Antelopes, Denim And Formula 1 – How Watch Straps Got Interesting
I remember attending my first trade fair for watches – the now-defunct Salon International de le Haute Horlogerie (SIHH for short). It was a frosty January in Geneva, 10 years ago, and while I had been writing about watches on and off for maybe six months at that point, I knew very little about them. It was my good fortune to be coached by some of the best writers and editors in this funny old corner of journalism – several of whom, I’m proud to say, now write frequently for MR PORTER.
One of the earliest pieces of advice I was given – I forget exactly who by, but most likely everyone at once, in a chorus of “really, don’t do that” – was that when presented with the chance to peruse a new watch for the first time, don’t let your first comment be a remark on its strap. To do so, I was told, is akin to regarding an artist’s latest work and complimenting him or her on the choice of frame, or telling a Michelin-starred chef that you were impressed by the plate their immaculate food came on. Not the done thing. Watchmakers make watches, not straps.
Well, that was then. Times change – and one of the biggest shifts in watchmaking in the last decade has been the redress owed to watch designers in terms of recognising the watch as a whole, from pin buckle to pinion, as an item that doesn’t fully succeed unless every element is on song. The humble watch strap has gone from the unremarkable strip of steel or leather that holds your precious timepiece to your wrist, to a blank canvas for creativity and innovation. Watch brands have taken the chance to recast the strap as something that provides valuable context and character to the watch itself: patinated or textured leather for a more outdoorsy look, intricate and slinky links for the more high-end models. And a widespread proliferation of alternative colours and material choices – a quick skim through MR PORTER’s offering will reveal H. Moser & Cie.’s kudu leather straps, supple and strong with a worn texture that’s a great textural counterpoint to the gleaming cases. Or Chopard’s L.U.C XP, with a merino wool and leather strap that lends a laid-back feel to the classic dress watch.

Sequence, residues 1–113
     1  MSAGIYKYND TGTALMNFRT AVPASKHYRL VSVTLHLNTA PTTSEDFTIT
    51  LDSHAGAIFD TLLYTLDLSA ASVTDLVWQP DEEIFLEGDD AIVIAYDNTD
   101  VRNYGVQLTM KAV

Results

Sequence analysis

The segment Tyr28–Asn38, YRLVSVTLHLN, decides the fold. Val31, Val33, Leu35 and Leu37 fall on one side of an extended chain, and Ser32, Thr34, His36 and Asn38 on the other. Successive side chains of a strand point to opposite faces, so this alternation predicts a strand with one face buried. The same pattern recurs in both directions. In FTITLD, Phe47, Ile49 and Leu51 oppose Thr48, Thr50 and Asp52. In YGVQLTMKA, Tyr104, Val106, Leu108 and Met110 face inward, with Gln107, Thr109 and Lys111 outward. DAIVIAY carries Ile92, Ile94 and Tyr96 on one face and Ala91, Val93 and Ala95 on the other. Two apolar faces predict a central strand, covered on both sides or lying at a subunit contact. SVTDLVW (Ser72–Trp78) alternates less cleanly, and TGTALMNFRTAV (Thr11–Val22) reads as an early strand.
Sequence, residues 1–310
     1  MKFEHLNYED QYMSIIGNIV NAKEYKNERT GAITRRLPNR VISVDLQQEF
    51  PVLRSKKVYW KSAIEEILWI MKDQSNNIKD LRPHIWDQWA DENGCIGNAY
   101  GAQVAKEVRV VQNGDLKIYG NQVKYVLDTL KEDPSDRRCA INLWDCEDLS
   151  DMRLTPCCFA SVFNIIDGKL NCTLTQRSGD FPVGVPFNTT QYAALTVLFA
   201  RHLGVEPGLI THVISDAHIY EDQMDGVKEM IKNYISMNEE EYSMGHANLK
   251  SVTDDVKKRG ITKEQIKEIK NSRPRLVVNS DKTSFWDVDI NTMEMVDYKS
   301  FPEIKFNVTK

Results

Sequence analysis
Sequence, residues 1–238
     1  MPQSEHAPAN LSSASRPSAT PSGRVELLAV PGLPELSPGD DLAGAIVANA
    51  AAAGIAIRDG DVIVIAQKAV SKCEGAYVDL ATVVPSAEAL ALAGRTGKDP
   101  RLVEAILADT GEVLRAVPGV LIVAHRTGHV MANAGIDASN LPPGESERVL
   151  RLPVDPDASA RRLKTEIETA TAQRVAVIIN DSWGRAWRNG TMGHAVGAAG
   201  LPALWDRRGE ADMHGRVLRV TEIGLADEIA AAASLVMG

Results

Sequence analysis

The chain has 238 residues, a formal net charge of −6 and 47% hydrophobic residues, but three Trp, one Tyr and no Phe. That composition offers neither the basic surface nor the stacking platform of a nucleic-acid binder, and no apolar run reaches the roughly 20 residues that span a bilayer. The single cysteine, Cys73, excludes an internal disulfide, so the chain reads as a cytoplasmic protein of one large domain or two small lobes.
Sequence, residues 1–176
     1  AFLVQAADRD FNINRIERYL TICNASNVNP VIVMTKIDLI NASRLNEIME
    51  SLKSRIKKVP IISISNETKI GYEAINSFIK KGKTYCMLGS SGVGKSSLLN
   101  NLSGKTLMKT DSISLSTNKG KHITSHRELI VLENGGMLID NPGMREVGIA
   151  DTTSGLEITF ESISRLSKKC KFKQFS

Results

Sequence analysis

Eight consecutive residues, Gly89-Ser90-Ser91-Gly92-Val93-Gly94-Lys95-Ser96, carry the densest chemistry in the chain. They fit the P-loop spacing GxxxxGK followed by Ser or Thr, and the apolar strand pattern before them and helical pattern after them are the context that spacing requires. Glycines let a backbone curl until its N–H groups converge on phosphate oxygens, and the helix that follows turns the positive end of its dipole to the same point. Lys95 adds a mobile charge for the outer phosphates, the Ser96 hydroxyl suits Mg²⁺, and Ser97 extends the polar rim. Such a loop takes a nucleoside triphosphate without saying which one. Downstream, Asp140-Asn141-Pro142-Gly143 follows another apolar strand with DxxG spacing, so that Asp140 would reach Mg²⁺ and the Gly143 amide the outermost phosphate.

Oris’s collaboration with Momotaro jeans was a huge personal favourite and there is also much to recommend IWC’s military-grade textiles on its Pilot’s collection – but the brand that really stands out in its commitment to interesting straps is Roger Dubuis. Not content with combining no fewer than three more or less traditional materials (calf leather, Alcantara and rubber) on the strap for the Excalibur Spider Huracan the brand has managed to leverage its partnership with Formula 1 tyre-maker Pirelli to create straps inlaid with rubber taken from actual race-driven tyres. The new Excalibur Spider in black – a 45mm highly skeletonised automatic with the trademark star-shaped bridges and micro-rotor movement (all finished to Geneva Seal levels of quality) – is one such watch. The lightweight, aggressively styled titanium case and skeletonised interior are all reminiscent of Formula 1 cars – with an emphasis on weight-saving and exotic, aerodynamic shapes – and the juxtaposition with a race-winning rubber strap really completes the look.